How Come Jesus Didn't Know Better?

Mark, Chapter 3: Jesus and the demons
Even the most devout Christian believers have to admit that human imagination has been hyperactive in the creation of all other gods (but, oh not, not theirs). Thousands of gods have been invented throughout the millennia, and apologists for theism—well, the one true Christian theism—sometimes try to deflect suspicion by saying that all the other gods can be respected as symptoms of the human quest for God (capital “G”).

It’s even sometimes said that “we worship the same god”—but that is clearly a lie, a poorly designed dodge. The god that the Jews worship didn’t require the sacrifice of his son, and Allah is clearly not Trinitarian. Nope, these are different gods.

But human imagination didn’t just stop with the gods. Many other beings were thought to swarm in the spiritual realm: angles, demons—malevolent spirits of all sorts—and a generous allotment of benevolent Catholic saints. For most of human history, causation was not well understood, so everything from headaches to hurricanes could be blamed on the unseen agents that hovered over human affairs.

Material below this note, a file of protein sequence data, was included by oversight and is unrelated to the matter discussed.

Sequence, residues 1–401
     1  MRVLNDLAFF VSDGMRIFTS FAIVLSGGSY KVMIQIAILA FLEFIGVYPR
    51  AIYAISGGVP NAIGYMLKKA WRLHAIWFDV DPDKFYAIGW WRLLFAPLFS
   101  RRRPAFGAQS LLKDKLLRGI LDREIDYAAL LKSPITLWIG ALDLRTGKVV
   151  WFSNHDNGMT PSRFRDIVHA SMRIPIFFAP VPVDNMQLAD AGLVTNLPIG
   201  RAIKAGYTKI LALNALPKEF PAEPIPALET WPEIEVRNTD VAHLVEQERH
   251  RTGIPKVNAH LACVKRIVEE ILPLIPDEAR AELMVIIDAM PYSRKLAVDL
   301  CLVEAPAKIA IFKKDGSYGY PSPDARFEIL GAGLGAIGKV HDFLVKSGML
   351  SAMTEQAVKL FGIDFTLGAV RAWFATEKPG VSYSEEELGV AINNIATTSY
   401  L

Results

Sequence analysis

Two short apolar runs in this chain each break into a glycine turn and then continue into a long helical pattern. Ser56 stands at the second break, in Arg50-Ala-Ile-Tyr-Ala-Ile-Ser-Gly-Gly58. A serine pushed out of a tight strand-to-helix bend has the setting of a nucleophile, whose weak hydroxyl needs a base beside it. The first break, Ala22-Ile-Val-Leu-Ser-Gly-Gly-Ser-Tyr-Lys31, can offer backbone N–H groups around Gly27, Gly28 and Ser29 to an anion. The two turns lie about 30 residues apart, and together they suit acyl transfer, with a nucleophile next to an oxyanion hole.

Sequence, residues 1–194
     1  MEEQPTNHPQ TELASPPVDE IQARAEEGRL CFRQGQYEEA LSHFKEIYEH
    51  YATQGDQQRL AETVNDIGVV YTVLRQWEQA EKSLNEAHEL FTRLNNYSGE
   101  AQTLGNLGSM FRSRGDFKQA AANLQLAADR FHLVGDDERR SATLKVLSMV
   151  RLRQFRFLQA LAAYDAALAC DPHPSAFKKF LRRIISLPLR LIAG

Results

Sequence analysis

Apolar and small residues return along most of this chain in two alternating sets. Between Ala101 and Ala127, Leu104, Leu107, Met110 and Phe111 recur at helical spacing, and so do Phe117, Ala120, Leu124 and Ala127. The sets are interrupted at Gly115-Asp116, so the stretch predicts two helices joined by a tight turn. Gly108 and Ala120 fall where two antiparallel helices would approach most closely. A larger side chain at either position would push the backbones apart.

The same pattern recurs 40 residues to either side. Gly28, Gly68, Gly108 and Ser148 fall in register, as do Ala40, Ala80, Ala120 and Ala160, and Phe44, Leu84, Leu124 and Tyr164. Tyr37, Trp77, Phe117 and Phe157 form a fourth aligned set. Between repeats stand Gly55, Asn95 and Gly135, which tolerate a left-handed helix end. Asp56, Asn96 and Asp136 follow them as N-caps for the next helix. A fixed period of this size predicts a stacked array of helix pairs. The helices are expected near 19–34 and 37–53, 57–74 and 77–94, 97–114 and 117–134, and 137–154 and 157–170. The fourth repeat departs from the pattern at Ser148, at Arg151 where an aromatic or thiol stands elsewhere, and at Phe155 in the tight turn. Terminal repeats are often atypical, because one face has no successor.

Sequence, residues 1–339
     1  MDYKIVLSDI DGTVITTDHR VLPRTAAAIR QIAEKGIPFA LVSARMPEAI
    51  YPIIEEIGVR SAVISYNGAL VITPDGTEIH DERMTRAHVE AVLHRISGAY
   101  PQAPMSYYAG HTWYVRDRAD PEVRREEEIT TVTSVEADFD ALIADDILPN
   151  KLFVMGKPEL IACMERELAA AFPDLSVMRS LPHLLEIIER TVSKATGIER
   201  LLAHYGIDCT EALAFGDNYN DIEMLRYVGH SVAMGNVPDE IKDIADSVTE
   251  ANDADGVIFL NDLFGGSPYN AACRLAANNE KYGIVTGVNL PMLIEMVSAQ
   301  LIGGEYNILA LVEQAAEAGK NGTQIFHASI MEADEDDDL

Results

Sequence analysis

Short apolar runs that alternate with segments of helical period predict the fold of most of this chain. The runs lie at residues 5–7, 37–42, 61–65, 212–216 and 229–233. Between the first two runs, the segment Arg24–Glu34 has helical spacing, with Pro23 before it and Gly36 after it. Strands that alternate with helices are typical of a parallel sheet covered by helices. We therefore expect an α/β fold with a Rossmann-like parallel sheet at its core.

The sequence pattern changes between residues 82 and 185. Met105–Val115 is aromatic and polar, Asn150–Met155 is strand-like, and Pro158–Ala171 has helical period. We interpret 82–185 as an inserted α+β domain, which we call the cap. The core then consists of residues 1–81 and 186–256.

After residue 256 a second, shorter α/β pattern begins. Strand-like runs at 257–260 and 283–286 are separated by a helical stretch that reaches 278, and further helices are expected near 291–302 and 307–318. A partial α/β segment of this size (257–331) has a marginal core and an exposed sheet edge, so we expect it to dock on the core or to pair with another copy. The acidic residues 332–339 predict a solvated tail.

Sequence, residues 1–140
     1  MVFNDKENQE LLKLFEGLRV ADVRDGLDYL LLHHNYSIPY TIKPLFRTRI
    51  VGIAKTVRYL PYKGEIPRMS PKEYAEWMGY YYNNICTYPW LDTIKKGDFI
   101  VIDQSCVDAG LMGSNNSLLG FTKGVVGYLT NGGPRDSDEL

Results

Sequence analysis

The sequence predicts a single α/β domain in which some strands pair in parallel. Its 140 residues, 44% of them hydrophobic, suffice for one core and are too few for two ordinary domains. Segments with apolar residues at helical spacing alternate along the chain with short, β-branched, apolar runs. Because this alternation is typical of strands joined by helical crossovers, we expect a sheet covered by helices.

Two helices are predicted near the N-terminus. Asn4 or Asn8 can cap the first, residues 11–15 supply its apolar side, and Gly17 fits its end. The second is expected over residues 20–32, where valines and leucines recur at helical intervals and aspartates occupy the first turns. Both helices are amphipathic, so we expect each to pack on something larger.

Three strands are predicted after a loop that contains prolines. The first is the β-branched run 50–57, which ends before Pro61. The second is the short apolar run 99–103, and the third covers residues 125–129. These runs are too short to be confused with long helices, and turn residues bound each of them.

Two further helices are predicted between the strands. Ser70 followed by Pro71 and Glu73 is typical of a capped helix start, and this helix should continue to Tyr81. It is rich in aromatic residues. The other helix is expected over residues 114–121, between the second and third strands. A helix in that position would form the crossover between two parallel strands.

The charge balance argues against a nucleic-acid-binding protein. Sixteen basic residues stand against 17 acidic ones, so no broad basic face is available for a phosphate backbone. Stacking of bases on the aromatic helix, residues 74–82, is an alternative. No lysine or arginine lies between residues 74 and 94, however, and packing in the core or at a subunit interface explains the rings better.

Even though the current faux-modern pope has a staff of exorcists and Kirk Cameron believes that hurricanes are a deity’s retribution for [fill in the blank: anything Kirk thinks is bad], we can be grateful that a significant portion of humanity has outgrown blatant superstitions. They know how the world works, i.e., there are people who believe in god(s), but who don’t go along with angels and demons, satan and devils, witches and ghosts—or kindly dead saints.